Get breaking news alerts via email

Click here to manage your alerts
25 dead in Nigeria after multiple attacks by sect


The Associated Press

First Published Jun 19 2012 01:10 pm • Last Updated Jun 19 2012 08:27 pm

Maiduguri, Nigeria • A radical Islamist sect unleashed multiple attacks in northeastern Nigeria, killing at least 25 people, authorities said Tuesday as fears swelled about the government’s inability to corral rising sectarian violence.

The attacks worsened an already tense security situation in Nigeria, an African nation of more than 160 million people almost evenly divided between Muslims and Christians.

Join the Discussion
Post a Comment

The Boko Haram sect began its attacks Monday evening with blasts targeting police and military targets in the city of Damaturu, authorities said. Gunfire echoed across the city for hours, spilling into Tuesday afternoon. One resident said at least two schools were torched.

The attacks killed at least twenty civilians and five security officers and left nine other people hospitalized, according to Nigerian Red Cross official Andronicus Adeyemo.

"The terrorists are trying to show that they can’t be stopped," said Yobe State police chief Patrick Egbuniwe, who said the dead included three policemen and two soldiers.

The Islamist Boko Haram sect, whose name means "Western education is sacrilege" in the Hausa language, is waging an increasingly bloody fight with Nigeria’s security agencies and public. More than 580 people have been killed in violence blamed on the sect this year alone, according to an Associated Press count.

The Yobe state government imposed a 24-hour curfew in Damaturu on Tuesday in an effort to limit casualties. Damaturu had already been under a dusk-to-dawn curfew since a state of emergency was declared in December.

The sect, which speaks to journalists by telephone when it chooses, could not be reached for comment Tuesday.

The violence came a day after Boko Haram claimed responsibility for a trio of deadly church bombings Sunday in the northern state of Kaduna, which, along with ensuing reprisal killings, left at least 70 people dead and over 100 wounded, a rescue official Tuesday. He spoke on condition of anonymity as he was not authorized to speak to journalists.

Boko Haram’s spiritual home of Maiduguri is about 80 miles (130 kilometers) east of Damaturu, the capital of rural Yobe state.

story continues below
story continues below

Nigeria’s national security adviser Andrew Azazi told journalists Tuesday that the government is working to create dialogue.

"Things happen but as a nation, as a people, we must address situation not necessarily by killing each other," Azazi said.

But the government’s handing of the crisis has drawn much criticism. The Christian Association of Nigeria described its approach as "cavalier" in a statement Tuesday.

"Since these terrorist acts began, nothing the (president) has done has been re-assuring that the end to this spate of bombings and gun attacks is in sight," the group said.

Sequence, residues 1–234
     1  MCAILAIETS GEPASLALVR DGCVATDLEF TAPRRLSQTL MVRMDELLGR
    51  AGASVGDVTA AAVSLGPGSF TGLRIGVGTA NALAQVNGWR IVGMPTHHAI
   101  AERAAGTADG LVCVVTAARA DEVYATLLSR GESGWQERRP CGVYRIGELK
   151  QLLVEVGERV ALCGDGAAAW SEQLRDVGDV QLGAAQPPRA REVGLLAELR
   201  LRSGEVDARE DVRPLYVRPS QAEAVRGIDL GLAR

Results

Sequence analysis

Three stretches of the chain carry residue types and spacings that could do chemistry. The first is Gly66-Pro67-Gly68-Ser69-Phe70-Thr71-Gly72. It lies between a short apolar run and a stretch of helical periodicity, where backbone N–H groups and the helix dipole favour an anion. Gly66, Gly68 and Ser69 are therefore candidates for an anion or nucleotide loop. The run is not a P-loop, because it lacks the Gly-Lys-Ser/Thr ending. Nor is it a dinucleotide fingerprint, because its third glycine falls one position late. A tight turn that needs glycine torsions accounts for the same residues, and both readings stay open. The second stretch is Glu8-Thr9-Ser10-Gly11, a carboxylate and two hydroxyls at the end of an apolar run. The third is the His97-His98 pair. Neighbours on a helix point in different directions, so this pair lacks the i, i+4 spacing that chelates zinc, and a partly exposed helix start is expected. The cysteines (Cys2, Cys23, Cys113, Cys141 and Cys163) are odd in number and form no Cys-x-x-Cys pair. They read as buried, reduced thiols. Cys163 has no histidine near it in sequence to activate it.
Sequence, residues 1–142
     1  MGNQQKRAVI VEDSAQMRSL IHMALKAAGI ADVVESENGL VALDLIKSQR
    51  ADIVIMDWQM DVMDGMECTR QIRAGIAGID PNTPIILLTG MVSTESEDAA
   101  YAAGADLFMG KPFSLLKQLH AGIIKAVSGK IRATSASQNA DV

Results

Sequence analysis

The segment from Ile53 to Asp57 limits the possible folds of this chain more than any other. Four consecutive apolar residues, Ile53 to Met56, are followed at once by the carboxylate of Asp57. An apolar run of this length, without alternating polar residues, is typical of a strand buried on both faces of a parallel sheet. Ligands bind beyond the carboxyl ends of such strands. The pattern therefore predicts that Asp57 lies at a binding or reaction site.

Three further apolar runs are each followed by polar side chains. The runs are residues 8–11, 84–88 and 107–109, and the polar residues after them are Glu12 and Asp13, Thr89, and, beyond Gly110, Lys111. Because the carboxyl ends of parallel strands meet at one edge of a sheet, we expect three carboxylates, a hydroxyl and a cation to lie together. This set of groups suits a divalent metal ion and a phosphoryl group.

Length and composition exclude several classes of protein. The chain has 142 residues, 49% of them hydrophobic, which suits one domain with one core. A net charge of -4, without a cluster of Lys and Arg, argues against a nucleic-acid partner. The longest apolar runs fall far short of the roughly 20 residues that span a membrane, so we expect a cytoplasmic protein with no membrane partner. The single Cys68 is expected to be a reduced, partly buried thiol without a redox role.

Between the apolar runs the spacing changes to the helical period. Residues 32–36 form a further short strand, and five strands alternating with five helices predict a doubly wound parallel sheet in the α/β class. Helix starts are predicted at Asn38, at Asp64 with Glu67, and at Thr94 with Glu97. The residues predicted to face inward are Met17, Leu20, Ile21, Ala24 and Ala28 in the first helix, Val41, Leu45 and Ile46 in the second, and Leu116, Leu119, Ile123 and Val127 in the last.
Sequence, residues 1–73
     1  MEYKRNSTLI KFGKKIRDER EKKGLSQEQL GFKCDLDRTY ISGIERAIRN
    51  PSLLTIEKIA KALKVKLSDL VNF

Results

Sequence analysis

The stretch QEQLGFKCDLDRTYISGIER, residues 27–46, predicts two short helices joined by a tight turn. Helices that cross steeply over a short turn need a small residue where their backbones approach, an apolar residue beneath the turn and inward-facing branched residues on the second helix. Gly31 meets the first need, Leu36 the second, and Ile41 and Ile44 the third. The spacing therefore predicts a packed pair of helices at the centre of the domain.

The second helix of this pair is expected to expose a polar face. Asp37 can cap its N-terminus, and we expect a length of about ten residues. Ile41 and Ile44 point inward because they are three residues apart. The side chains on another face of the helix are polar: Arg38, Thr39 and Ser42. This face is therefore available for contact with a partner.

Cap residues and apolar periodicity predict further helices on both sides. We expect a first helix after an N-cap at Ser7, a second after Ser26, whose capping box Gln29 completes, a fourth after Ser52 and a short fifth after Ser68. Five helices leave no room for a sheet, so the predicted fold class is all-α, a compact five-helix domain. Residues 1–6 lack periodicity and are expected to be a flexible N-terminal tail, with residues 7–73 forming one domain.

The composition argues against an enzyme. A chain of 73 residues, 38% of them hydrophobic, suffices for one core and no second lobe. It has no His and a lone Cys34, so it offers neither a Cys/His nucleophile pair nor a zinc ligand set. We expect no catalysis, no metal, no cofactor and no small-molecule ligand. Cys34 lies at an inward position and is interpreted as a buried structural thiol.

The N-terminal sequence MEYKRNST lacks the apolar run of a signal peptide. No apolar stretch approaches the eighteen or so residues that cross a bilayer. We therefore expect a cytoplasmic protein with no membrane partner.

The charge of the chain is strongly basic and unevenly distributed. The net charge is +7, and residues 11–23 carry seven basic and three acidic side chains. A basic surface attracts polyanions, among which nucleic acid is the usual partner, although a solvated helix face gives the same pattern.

Authorities have blamed Boko Haram for a string of attacks in Nigeria’s northeast that persist despite a heightened security presence, including bombings and shootings last November that left more than 100 dead around Damaturu.

The northeastern states of Borno and Yobe and the central states of Niger and Plateau have been under a state of emergency since Dec. 31.

A series of curfews in recent months have highlighted Nigeria’s volatile security situation.

A curfew was imposed Sunday in Kaduna state to curtail the reprisals triggered by the church attacks. On Tuesday, however, after the 24-hour curfew was relaxed to just a dusk-to-dawn curfew, angry mobs took the streets once again, burning tires along the way, the Nigerian Red Cross reported. Soldiers responded with gunfire to disperse the mobs. The Kaduna government re-imposed the 24-hour curfew Tuesday.

Copyright 2014 The Salt Lake Tribune. All rights reserved. This material may not be published, broadcast, rewritten or redistributed.

Top Reader Comments Read All Comments Post a Comment
Click here to read all comments   Click here to post a comment

About Reader Comments

Reader comments on sltrib.com are the opinions of the writer, not The Salt Lake Tribune. We will delete comments containing obscenities, personal attacks and inappropriate or offensive remarks. Flagrant or repeat violators will be banned. If you see an objectionable comment, please alert us by clicking the arrow on the upper right side of the comment and selecting "Flag comment as inappropriate". If you've recently registered with Disqus or aren't seeing your comments immediately, you may need to verify your email address. To do so, visit disqus.com/account.
See more about comments here.
Staying Connected
Contests and Promotions
  • Search Obituaries
  • Place an Obituary

  • Search Cars
  • Search Homes
  • Search Jobs
  • Search Marketplace
  • Search Legal Notices

  • Other Services
  • Advertise With Us
  • Subscribe to the Newspaper
  • Access your e-Edition
  • Frequently Asked Questions
  • Contact a newsroom staff member
  • Access the Trib Archives
  • Privacy Policy
  • Missing your paper? Need to place your paper on vacation hold? For this and any other subscription related needs, click here or call 801.204.6100.